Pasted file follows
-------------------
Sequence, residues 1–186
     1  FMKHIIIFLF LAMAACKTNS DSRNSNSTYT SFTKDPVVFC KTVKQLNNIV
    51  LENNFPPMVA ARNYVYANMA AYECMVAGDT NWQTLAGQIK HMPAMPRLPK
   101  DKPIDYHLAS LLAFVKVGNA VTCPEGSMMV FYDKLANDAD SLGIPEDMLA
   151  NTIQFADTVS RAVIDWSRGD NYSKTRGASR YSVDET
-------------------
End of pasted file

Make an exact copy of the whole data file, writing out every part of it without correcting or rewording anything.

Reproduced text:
Sequence, residues 1–186
     1  FMKHIIIFLF LAMAACKTNS DSRNSNSTYT SFTKDPVVFC KTVKQLNNIV
    51  LENNFPPMVA ARNYVYANMA AYECMVAGDT NWQTLAGQIK HMPAMPRLPK
   101  DKPIDYHLAS LLAFVKVGNA VTCPEGSMMV FYDKLANDAD SLGIPEDMLA
   151  NTIQFADTVS RAVIDWSRGD NYSKTRGASR YSVDET